The reborn ultra-luxurious Lagonda saloon will lead the brand’s series-production electrification drive.
Although Aston Martin’s first SUV, the DBX, was expected to be the first Aston to feature a zero-emission powertrain, it turns out that since the concept was all-electric and the production model will arrive sooner, it’s the reborn Lagonda that will spearhead the brand’s series-production electrification drive.
The new Lagonda will be an ultra-luxurious saloon to rival the ultimate symbol of luxury motoring, the Rolls-Royce Phantom. Aston boss Andy Palmer confirmed this all-new model, partly based on the stunning Vision Concept, will arrive in electrified form before any electric version of the DBX SUV.
It’s all to do with the company’s desire to position the Lagonda as a high-tech, futuristic alternative to both Rolls-Royce and Bentley. Aston Martin wants to be seen as the first luxury brand to properly embrace the efficiency of EV powertrains along with the latest modern technology, all in an incredibly spacious and super-luxurious vehicle.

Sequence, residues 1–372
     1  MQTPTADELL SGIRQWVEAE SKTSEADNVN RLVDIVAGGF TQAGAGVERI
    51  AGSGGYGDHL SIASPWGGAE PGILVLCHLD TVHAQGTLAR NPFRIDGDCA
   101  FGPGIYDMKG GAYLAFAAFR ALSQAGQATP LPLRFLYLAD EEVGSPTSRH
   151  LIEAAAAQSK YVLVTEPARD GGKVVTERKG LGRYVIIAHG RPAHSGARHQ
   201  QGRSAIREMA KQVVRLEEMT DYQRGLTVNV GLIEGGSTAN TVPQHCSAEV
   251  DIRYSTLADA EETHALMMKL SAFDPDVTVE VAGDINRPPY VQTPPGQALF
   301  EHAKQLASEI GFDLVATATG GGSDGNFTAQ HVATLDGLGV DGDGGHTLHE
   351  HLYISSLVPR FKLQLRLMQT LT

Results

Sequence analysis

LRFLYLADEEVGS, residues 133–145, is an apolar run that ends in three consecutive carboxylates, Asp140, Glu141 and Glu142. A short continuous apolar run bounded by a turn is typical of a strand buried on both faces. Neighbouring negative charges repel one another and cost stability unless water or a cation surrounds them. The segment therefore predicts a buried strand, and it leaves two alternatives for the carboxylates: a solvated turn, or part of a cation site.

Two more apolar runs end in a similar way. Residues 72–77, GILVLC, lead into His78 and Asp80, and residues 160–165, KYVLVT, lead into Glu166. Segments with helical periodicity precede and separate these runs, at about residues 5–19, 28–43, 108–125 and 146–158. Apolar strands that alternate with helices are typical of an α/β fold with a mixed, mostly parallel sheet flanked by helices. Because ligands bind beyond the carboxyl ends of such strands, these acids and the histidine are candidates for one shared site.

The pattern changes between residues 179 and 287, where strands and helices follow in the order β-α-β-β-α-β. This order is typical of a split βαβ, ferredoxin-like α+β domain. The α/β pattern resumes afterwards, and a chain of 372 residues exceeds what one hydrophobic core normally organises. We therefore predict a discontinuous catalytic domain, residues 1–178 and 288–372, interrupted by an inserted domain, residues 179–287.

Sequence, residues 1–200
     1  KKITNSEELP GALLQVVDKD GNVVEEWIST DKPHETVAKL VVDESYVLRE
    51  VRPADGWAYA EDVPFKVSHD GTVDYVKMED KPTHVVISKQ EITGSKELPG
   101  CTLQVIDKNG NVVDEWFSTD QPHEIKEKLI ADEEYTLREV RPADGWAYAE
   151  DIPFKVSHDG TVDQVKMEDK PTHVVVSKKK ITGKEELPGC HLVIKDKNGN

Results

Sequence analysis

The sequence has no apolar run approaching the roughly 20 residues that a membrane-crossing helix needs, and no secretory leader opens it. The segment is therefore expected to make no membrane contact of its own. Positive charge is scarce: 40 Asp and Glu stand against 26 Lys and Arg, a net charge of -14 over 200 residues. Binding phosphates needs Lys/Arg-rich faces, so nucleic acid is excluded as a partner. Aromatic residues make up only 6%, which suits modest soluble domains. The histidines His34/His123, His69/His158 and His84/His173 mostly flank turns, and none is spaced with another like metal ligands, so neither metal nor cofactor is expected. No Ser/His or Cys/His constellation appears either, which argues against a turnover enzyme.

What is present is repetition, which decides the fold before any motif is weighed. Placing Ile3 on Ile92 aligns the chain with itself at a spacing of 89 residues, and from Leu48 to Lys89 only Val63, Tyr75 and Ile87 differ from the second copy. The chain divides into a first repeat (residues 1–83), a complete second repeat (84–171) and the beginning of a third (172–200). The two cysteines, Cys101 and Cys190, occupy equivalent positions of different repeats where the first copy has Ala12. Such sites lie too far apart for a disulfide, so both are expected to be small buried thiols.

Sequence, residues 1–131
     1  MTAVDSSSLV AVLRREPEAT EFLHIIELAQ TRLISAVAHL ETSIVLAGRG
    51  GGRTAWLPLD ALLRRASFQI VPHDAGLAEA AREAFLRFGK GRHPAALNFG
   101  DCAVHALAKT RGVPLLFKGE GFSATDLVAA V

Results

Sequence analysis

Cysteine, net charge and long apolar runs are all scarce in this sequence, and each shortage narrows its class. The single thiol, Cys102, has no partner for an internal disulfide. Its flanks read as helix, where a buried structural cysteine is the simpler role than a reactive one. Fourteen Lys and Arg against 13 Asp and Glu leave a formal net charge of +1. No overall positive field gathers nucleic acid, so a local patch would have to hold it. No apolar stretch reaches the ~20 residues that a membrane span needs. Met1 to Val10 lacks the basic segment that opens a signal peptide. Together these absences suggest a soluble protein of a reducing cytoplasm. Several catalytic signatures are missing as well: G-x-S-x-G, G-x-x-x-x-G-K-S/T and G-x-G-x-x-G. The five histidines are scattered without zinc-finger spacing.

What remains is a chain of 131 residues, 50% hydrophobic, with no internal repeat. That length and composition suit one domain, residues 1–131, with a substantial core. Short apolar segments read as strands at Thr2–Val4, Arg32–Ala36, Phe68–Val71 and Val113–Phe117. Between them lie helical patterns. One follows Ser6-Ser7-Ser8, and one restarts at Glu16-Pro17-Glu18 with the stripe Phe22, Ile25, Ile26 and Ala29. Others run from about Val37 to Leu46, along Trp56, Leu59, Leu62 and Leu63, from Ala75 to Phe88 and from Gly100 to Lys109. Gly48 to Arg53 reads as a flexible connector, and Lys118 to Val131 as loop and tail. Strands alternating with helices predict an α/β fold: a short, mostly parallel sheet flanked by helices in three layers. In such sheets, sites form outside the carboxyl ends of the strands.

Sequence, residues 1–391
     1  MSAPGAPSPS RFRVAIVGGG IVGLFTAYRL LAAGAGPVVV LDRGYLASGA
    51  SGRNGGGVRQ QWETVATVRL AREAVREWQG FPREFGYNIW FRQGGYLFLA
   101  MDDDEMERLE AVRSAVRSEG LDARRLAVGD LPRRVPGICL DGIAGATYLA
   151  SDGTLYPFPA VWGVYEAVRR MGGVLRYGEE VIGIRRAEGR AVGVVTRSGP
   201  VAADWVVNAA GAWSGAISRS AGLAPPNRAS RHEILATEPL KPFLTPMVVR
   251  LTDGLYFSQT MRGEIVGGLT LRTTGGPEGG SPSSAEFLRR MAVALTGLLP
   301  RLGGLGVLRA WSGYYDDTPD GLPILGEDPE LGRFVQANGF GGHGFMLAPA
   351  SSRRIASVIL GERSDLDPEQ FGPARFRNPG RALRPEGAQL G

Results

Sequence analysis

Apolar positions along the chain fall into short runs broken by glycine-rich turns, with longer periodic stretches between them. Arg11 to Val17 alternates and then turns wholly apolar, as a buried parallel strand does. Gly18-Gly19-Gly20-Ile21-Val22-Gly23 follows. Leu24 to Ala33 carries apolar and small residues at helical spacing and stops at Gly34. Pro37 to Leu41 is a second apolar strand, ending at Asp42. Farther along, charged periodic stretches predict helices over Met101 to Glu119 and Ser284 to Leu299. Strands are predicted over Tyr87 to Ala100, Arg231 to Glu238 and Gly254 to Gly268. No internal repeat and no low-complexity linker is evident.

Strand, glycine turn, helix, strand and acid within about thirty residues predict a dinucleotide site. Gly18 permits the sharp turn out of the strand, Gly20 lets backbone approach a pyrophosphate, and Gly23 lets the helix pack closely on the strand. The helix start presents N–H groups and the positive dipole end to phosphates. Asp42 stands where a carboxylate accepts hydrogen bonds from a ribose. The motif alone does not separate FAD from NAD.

The Lagonda won’t actually be Aston’s first zero-emission model, however, because that honor will go to a limited-edition RapidE to be launched next year. It won’t be a series-production model though, as only 155 are going to be put up for sale.
As for the DBX, Autocar reported Palmer saying, “We have the capability, but the plan right now is petrol and hybridisation. The new platform has indeed been delivered with the capability to go pure electric, but that technology gets used first on the Lagonda.”
Conventional engines for the DBX will come from Aston Martin’s technical alliance with Daimler. The AMG-developed twin-turbo V8 already used in the DB11 and Vantage is a likely contender, which will eventually be joined by a higher-output hybrid.
The hybrid will probably be the ’73 AMG-spec system, which will then bring an extra 150kW of electrical assistance to the V8 party. There’s no indication at the moment of the DBX also being offered with Aston’s own twin-turbo V12, but even if it were, it would only produce about as much power as the hybrid. – AFP Relaxnews